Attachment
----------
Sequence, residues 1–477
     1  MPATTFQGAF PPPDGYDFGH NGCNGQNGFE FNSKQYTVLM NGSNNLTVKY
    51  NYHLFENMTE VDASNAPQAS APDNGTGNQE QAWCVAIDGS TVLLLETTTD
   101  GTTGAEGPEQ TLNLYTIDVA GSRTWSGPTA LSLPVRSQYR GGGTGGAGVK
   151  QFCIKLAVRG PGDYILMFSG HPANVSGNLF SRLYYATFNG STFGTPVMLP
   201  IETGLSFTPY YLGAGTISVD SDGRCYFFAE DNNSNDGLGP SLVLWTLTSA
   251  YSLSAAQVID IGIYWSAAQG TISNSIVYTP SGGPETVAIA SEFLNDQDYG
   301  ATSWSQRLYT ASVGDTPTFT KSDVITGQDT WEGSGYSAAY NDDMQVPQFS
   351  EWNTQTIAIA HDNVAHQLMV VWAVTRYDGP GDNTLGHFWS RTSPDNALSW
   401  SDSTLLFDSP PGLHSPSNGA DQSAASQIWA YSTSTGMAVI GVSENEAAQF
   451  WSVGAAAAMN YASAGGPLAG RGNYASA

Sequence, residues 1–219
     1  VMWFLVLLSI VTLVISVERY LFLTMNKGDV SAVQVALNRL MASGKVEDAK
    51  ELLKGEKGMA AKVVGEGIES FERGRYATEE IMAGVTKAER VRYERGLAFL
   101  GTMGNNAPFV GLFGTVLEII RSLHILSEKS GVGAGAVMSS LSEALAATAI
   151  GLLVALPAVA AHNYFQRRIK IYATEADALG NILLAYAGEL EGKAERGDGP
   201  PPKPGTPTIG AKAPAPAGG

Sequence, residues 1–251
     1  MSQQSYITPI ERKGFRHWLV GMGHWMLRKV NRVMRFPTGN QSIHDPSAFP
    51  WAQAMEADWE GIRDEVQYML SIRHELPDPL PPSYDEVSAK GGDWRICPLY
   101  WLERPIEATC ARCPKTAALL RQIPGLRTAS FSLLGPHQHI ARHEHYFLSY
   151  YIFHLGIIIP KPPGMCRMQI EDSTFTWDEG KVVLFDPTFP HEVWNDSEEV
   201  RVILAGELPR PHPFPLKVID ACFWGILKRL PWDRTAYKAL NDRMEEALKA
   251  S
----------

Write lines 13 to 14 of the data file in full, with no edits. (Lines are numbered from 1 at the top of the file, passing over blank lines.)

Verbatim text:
     1  VMWFLVLLSI VTLVISVERY LFLTMNKGDV SAVQVALNRL MASGKVEDAK
    51  ELLKGEKGMA AKVVGEGIES FERGRYATEE IMAGVTKAER VRYERGLAFL